Managing with Wind and Waterby Ted Sickinger
The Oregonian, October 12, 2008
BPA - Elliot Mainzer takes the key role in developing energy agency policy on climate change, planning and renewables
As renewable energy becomes a bigger slice of the Northwest's energy pie, few institutions have as important a role to play as the Bonneville Power Administration, the federal agency that markets electricity generated at 31 dams and a nuclear plant in the region.
BPA's regionwide web of transmission lines delivers electrons generated at wind farms east of the Cascades to power-hungry consumers in the Willamette Valley. The agency's flexibility to modulate electricity production at dams on the Columbia allows utilities to safely feed their spiky supply of wind energy onto the grid.
In late September, BPA appointed Elliot Mainzer to the newly created position of executive vice president of strategic planning. Mainzer will be responsible for developing agency policy on climate change, resource planning and integration of renewables.
Mainzer, 42, has been with Bonneville since leaving Enron on Pearl Harbor day in 2001, as the company crashed into bankruptcy. He since has worked on both the power and transmission sides of BPA's business, and led the team that developed the Northwest Wind Integration Action Plan.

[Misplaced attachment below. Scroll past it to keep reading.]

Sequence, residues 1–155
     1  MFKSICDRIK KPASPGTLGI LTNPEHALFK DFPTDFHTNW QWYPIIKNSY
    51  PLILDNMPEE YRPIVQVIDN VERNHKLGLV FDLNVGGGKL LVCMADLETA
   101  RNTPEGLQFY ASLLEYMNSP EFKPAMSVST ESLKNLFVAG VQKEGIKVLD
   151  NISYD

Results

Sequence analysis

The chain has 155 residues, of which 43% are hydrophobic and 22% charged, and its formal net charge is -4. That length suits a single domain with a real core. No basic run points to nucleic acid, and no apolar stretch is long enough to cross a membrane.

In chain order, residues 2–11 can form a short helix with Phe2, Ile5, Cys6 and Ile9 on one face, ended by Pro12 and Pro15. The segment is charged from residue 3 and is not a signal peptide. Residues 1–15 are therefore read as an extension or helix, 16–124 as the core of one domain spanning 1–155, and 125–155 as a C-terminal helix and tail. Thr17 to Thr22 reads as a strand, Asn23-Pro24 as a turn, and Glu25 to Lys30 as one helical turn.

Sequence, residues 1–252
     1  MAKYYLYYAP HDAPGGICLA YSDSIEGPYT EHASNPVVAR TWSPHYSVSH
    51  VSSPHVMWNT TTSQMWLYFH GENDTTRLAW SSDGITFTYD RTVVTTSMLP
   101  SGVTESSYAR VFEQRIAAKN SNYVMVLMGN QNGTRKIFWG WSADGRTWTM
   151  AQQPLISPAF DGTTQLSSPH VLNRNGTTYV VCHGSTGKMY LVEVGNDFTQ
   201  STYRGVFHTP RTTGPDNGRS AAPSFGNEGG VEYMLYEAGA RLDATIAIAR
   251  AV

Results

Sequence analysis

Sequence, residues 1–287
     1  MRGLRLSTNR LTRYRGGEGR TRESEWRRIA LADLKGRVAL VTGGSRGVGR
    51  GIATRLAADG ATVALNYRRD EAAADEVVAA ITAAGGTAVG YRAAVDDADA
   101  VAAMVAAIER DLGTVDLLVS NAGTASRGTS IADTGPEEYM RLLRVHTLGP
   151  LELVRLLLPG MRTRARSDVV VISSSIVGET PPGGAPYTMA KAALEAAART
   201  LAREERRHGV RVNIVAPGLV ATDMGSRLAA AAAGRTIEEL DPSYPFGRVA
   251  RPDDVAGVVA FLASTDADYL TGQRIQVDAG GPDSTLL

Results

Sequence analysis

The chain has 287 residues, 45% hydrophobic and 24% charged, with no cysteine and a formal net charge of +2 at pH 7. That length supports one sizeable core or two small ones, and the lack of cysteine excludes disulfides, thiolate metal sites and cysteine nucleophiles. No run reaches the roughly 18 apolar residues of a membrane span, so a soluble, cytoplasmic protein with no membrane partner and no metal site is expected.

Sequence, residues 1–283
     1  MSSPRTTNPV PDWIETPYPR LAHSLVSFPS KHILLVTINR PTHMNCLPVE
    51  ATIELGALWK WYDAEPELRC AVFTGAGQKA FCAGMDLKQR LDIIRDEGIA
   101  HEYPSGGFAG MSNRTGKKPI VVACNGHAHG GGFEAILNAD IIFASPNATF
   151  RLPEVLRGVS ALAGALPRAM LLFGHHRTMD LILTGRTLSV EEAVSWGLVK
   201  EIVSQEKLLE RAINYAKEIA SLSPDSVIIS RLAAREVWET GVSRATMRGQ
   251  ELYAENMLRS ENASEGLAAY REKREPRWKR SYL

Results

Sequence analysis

Mainzer spent some time earlier this week describing his new role and BPA's strategic challenges. Questions and answers were edited for length.
Q: A number of BPA's most senior leaders have left in the past 18 months, and there's always a chance that there will be a new leader of the agency after a presidential election. Are we seeing a changing of the guard at BPA, and what are the implications?
A: Certainly not officially. There's no doubt that some of our long-standing leadership is taking off. I'd certainly like to see (BPA chief) Steve Wright stick around for a while. He's been a great leader for Bonneville during some turbulent times. I come to the executive team as a relatively young member. Where you'll see some differences, the new generation tends to like to move a little quicker, and we're infused with the sense of importance of some of the environmental issues facing the industry. I hope being in this position will allow me to work with folks and show some leadership on this topic.
Q: Bonneville just created this position. Does it signal a shift in strategy, or a shift in focus from energy acquisition toward the transmission world, where you've recently focused?
A: It's less a shift in strategy than a shift in our approach to strategy-making. Since the mid-'90s when restructuring came along, we've been operating as two distinct businesses: power business line and transmission business line. When we look out in the future and see these big issues looming in front of us on energy and the environment, there needs to be better cross-agency planning. You need to bring the best thinking from the power and transmission sides, and create a forum in which those issues can vetted, defined and articulated throughout the organization, then acted on and implemented.
Q: BPA has always faced conflicting demands from ratepayers, utilities and salmon protection. What's the agency's strategy to balance those needs with new mandates on global warming and renewable energy?